Beauty and wellness brands have been at the forefront of embracing and championing social trends and change. An expression of an individual, it makes sense that the evolution of genders has become more fluid and celebrated in the wellness realm. We look to see if the new context of male beauty is being explored in retail spaces.
The rise of the gender-inclusive beauty brand is well documented. With 40%, of adults aged 18 to 22 showing interest in gender-neutral beauty products, brands are starting to use male celebrities and influencers to target men’s developing attitudes towards wellness and grooming. Marc Jacobs released products for men as early as 2013, influencer James Charles became the first Cover Boy in 2017 and Troye Sivan is currently working with Glossier and MAC; this is just the start of the rise of non-traditional brand ambassadors.
"There Will Come A Day When People Won’t Gender Makeup"Marc Jacobs
How to bring these values to life in-store becomes apparent, as brand store experiences are generally tailored towards women. Defining how to be inclusive of men and supporting equal exploration is an idea that the grooming, wellness and beauty sectors need to delve into, enticing these burgeoning new tribes.
Building a space that initiates and develops a connection with both men and women may seem like a daunting task, as men and women shop very differently. In our vast experience, we have found men more functional shoppers, while women value emotive interaction. Marrying the opposing shopping habits is an intriguing undertaking we should start to see evolving over the next few years.
Selfridges has introduced a male grooming section on its menswear floor. The space includes foundations, highlighters and concealers with small mirrors for testing. While the products are encouraging an effort to redefine man’s grooming standards, it lacks the experiential lustre found in the women’s beauty hall. It will be interesting to see how this area develops over the coming years as Millennials and Gen Z-ers have a more androgynous approach to beauty.
Gender-neutral brands are upcoming with American brand Fluid now selling makeup ‘for everyone’. Stocked in stores that encourage gender exploration, like Phluid in New York, étaín in Massachusetts and Citizen Vintage in Quebec. The strategically stocked locations all cater to gender-neutral tribes, inclusive of age, sexuality and background.
Beauty store The Abnormal Company caters to a diverse audience in a space that feels neutral, yet engaging. Not overt in style, the stripped-back interiors feel explorative and connect to both genders, in an intriguing almost unfinished look. Inclusive of all, the store feels welcoming of questions, with the male and female consultants offering advice and encouraging exploration. Moreover, the low price-point of the products offers a great start for consumers to test without breaking the bank.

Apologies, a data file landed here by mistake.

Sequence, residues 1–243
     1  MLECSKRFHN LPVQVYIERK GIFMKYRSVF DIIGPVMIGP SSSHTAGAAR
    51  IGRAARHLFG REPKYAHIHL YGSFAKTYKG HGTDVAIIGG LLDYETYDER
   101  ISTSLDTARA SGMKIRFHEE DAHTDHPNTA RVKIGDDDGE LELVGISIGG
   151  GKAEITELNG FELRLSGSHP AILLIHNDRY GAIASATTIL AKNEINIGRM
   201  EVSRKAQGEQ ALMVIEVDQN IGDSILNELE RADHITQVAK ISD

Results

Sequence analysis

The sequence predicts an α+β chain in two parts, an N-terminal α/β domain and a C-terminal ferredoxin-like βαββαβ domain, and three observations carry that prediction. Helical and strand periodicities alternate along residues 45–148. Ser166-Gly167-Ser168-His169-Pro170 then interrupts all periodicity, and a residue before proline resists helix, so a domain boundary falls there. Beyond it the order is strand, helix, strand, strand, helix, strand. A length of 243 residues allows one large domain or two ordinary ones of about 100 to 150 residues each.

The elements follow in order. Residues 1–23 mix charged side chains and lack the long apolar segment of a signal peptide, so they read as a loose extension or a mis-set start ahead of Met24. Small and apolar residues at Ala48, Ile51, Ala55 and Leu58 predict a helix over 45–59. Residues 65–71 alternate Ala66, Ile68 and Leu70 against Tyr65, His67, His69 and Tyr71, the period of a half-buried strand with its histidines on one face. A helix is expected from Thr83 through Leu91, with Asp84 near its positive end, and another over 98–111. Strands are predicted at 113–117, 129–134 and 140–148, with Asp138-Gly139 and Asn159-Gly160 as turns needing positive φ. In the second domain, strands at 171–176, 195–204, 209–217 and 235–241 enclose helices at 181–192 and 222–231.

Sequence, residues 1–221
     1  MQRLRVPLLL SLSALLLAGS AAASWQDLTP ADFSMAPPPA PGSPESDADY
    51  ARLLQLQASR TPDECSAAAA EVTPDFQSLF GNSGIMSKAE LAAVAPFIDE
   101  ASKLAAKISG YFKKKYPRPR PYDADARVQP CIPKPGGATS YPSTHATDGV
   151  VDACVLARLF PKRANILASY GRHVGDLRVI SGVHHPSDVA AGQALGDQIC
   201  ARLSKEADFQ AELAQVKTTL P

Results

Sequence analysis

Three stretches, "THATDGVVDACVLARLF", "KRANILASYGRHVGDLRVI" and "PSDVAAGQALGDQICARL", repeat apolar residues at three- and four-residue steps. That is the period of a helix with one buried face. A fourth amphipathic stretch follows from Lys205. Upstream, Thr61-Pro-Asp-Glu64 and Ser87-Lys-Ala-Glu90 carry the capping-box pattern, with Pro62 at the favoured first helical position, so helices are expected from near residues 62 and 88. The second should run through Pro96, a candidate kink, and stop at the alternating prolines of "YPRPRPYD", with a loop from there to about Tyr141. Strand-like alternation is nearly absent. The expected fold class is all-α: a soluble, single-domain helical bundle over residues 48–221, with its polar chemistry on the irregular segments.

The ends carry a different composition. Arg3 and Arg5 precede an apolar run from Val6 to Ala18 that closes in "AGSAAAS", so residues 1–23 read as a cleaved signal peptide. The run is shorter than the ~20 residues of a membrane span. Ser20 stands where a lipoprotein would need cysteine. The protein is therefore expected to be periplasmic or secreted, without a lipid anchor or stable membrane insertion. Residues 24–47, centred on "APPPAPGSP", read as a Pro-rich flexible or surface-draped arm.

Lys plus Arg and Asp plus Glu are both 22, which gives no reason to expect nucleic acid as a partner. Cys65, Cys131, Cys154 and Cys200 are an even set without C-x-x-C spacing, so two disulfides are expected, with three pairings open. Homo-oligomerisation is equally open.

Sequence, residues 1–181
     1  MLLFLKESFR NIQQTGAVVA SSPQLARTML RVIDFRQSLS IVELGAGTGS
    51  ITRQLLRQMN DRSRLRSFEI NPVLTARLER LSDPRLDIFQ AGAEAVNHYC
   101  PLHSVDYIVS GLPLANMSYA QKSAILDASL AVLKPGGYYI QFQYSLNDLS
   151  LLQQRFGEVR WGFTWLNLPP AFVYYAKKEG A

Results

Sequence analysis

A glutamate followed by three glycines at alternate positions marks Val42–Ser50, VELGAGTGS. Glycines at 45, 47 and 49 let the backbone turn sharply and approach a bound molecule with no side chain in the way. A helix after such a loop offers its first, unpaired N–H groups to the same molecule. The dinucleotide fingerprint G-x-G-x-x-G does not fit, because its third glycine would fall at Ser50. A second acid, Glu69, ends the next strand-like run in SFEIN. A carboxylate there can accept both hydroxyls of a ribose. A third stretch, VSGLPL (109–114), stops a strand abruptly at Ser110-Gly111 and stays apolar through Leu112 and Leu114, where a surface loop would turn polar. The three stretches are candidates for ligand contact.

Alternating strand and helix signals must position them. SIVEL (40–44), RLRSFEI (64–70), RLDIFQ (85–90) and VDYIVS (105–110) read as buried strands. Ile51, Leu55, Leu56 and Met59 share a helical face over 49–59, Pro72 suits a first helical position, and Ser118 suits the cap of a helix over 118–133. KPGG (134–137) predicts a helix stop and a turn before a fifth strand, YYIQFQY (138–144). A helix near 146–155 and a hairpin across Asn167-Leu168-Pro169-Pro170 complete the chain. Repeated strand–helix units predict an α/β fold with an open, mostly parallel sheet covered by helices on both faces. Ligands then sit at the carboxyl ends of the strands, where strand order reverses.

Function brands are captivating male interest, particularly with German beauty making its stamp on honing proven grooming regimes. Known for their quality, care and innovations, it’s no surprise that consumers are drawn to skincare brands like Augustinus Bader, Weleda and Royal Fern.
When it comes to wellness, new initiatives are providing mindful spaces aimed at underserved demographics. Heal Haus in New York, is a wellness studio designed to reduce the stigma around mental health with men of colour. Providing therapy, yoga, meditation, reiki energy healing and various workshops, they focus on the mind and body, also offering CBD-infused facials, acupuncture and massages.
The transition in soft masculinity is less a focus on feminine features and appearances, but the change in attitudes and perspective of men; being confident, fun, bold, emotional and child-like at the same time. Rather than a decline of traditional traits, it’s a hybrid mindset of new values that is inclusive of all.
Throughout Covid-19, the beauty industry has stepped up for its community and will continue to forge forward and reimagine the way we connect, commune and care for each other.
In a time of crisis, brands have a genuine role to play. Brands must show responsibility to their consumers, their employees and communities as they navigate uncertain times. Is a time for collective effort and creativity. It is a time for ‘we’, ‘us’ and ‘our’.